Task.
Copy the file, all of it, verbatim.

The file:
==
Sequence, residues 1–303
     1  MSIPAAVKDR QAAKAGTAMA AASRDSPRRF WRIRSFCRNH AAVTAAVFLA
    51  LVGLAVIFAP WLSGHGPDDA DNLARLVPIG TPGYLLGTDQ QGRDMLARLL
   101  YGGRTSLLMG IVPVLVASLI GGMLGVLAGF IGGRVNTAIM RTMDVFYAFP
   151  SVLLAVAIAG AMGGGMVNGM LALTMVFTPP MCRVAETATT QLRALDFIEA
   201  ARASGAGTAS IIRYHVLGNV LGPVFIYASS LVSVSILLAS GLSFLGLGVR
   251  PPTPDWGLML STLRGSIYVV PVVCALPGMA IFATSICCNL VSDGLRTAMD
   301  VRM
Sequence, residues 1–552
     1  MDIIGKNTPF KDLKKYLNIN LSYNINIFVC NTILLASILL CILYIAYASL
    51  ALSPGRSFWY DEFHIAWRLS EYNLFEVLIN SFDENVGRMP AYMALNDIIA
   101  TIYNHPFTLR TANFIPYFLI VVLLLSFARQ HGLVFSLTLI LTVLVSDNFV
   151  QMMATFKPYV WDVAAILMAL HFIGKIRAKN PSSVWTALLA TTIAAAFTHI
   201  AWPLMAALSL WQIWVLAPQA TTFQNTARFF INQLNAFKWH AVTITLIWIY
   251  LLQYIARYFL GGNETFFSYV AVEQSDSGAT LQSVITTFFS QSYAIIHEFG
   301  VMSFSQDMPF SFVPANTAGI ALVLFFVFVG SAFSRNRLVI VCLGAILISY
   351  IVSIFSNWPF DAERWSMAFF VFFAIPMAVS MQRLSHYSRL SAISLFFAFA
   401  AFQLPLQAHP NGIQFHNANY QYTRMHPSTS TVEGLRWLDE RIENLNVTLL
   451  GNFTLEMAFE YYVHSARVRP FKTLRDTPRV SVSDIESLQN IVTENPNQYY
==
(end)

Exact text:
Sequence, residues 1–303
     1  MSIPAAVKDR QAAKAGTAMA AASRDSPRRF WRIRSFCRNH AAVTAAVFLA
    51  LVGLAVIFAP WLSGHGPDDA DNLARLVPIG TPGYLLGTDQ QGRDMLARLL
   101  YGGRTSLLMG IVPVLVASLI GGMLGVLAGF IGGRVNTAIM RTMDVFYAFP
   151  SVLLAVAIAG AMGGGMVNGM LALTMVFTPP MCRVAETATT QLRALDFIEA
   201  ARASGAGTAS IIRYHVLGNV LGPVFIYASS LVSVSILLAS GLSFLGLGVR
   251  PPTPDWGLML STLRGSIYVV PVVCALPGMA IFATSICCNL VSDGLRTAMD
   301  VRM
Sequence, residues 1–552
     1  MDIIGKNTPF KDLKKYLNIN LSYNINIFVC NTILLASILL CILYIAYASL
    51  ALSPGRSFWY DEFHIAWRLS EYNLFEVLIN SFDENVGRMP AYMALNDIIA
   101  TIYNHPFTLR TANFIPYFLI VVLLLSFARQ HGLVFSLTLI LTVLVSDNFV
   151  QMMATFKPYV WDVAAILMAL HFIGKIRAKN PSSVWTALLA TTIAAAFTHI
   201  AWPLMAALSL WQIWVLAPQA TTFQNTARFF INQLNAFKWH AVTITLIWIY
   251  LLQYIARYFL GGNETFFSYV AVEQSDSGAT LQSVITTFFS QSYAIIHEFG
   301  VMSFSQDMPF SFVPANTAGI ALVLFFVFVG SAFSRNRLVI VCLGAILISY
   351  IVSIFSNWPF DAERWSMAFF VFFAIPMAVS MQRLSHYSRL SAISLFFAFA
   401  AFQLPLQAHP NGIQFHNANY QYTRMHPSTS TVEGLRWLDE RIENLNVTLL
   451  GNFTLEMAFE YYVHSARVRP FKTLRDTPRV SVSDIESLQN IVTENPNQYY